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  1. #1
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    Question How can I permanently hide a div?

    I've set up a simple div that's fixed at the top of a site (one of those). It contains some call-to-action stuff. I want to set it up so that a user can hide and it's hidden across the entire site unless the user changes it. Does that make sense?

    http://estevancarlos.kodingen.com/ecv7/

    Right now the top bar shows up on each page, requiring a user to hide it each time if necessary.

  2. #2
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    spikeZ's Avatar
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    What you need is some cookies nom nom nom!
    More precisely, Javascript cookies: http://www.w3schools.com/js/js_cookies.asp
    Mike Swiffin - Community Team Advisor
    Only a woman can read between the lines of a one word answer.....

  3. #3
    SitePoint Addict sdleihssirhc's Avatar
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    Obligatory: ppk's cookie functions are short and sweet. Or, if you're more into the jQuery thing, there's the ubiquitous jQuery cookie plugin.
    I'm the web overlord for Graphic Business Systems

  4. #4
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    Quote Originally Posted by sdleihssirhc View Post
    Obligatory: ppk's cookie functions are short and sweet.
    +1 for ppk's cookie functions. They've even been updated to meet todays rigorous coding standards as cookie handling functions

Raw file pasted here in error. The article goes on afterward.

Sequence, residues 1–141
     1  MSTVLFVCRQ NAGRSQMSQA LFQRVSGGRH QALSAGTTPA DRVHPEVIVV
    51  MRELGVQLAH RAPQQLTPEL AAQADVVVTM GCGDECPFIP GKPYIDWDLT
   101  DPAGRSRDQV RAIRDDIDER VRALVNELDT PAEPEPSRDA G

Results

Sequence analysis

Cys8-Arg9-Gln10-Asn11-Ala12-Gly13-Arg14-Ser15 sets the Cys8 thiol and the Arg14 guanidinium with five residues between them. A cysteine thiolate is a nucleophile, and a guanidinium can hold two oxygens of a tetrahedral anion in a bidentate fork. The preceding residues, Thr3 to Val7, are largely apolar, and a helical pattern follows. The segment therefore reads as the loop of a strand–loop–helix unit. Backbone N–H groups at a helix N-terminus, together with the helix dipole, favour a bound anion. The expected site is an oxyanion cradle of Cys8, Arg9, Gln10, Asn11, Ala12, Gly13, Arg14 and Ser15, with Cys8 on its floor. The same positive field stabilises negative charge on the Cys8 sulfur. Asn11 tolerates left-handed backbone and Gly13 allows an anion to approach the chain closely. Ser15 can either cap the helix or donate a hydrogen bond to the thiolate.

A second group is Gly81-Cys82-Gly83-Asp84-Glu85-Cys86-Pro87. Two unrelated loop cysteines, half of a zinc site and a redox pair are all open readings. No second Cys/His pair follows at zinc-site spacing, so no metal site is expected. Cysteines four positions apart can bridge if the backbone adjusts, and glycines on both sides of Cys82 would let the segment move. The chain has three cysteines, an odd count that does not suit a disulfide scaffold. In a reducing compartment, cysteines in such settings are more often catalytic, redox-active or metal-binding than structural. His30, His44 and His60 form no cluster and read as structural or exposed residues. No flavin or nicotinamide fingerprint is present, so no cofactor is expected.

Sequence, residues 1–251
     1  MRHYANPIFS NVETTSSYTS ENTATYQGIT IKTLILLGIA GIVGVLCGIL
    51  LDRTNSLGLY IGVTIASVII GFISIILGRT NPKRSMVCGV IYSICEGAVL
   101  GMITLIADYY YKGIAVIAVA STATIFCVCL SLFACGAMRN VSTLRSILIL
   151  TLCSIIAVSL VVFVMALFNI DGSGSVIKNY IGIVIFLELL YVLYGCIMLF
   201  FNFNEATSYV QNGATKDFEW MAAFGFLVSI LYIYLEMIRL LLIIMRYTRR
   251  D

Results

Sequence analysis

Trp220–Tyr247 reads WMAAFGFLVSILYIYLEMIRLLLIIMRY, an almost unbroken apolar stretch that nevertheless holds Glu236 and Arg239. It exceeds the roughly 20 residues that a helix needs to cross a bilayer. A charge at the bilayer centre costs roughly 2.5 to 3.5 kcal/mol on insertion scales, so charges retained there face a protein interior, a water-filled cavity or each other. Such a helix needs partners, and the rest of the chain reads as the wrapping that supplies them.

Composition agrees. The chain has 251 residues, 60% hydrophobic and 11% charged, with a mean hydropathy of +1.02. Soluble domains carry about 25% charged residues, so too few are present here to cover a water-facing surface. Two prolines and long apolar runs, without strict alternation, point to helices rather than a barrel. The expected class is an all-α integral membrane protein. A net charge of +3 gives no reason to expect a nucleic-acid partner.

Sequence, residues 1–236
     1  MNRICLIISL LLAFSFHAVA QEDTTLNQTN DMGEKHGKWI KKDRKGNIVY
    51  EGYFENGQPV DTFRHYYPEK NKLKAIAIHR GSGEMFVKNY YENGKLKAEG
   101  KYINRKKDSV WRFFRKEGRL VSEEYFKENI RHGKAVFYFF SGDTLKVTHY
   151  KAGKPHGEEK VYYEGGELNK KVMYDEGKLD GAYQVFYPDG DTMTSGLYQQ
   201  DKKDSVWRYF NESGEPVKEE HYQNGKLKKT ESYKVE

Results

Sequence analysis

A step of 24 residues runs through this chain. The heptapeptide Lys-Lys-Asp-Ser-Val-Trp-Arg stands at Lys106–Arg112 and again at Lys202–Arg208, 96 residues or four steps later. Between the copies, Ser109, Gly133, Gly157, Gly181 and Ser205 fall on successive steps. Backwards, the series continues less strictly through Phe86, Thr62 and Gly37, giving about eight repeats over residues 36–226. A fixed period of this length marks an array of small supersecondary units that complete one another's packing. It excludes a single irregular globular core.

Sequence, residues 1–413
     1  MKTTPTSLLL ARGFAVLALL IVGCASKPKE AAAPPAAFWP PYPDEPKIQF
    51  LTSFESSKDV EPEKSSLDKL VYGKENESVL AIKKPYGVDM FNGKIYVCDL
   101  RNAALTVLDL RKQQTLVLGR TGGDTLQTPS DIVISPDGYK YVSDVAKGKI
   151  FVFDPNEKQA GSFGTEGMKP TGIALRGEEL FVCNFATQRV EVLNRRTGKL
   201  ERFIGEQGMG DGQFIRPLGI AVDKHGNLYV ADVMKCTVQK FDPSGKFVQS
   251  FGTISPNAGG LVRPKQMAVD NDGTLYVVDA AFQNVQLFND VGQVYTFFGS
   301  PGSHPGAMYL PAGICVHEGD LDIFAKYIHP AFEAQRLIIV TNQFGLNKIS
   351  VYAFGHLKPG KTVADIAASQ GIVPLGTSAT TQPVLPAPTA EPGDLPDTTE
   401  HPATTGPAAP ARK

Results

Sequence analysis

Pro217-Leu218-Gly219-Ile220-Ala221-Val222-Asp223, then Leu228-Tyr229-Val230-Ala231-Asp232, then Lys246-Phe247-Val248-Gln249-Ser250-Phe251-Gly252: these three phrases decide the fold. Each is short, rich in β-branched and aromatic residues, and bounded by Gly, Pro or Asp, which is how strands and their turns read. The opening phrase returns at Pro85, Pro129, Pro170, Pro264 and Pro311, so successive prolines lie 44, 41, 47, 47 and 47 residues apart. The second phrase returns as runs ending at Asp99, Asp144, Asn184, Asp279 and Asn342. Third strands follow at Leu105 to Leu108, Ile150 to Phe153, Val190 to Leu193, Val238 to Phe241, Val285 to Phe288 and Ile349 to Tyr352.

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    Reference: JavaScript, Quirksmode Validate: HTML Validation, JSLint
    Car is to Carpet as Java is to JavaScript

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    I would use cookies only if you want the div to stay hidden in subsequent browser sessions. Otherwise I would use a session variable as a flag to hide or show the div. The disadvantage of cookies is that users could have them turned off in their browser or they can at any time delete all cookies from their pc.

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    Can you point me in the right direction on how to use this technique?

  7. #7
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    Quote Originally Posted by rpeg View Post
    Can you point me in the right direction on how to use this technique?
    If a cookie exists that states that it should remain hidden, then hide the call to action stuff.
    When someone chooses to hide it, set a cookie saying that it should remain hidden (for 1 day, 7 days, you decide) then hide the call to action stuff.
    Programming Group Advisor
    Reference: JavaScript, Quirksmode Validate: HTML Validation, JSLint
    Car is to Carpet as Java is to JavaScript

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    Quote Originally Posted by rpeg View Post
    Can you point me in the right direction on how to use this technique?
    If you're using a session, then just set a session variable to true or false or any other flag value you want to use. Then at the top of each web page, check the value of the session variable and then show or hide whatever you need according to the session var's value.

  9. #9
    SitePoint Addict sdleihssirhc's Avatar
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    Quote Originally Posted by Meldin View Post
    If you're using a session, then just set a session variable to true or false or any other flag value you want to use. Then at the top of each web page, check the value of the session variable and then show or hide whatever you need according to the session var's value.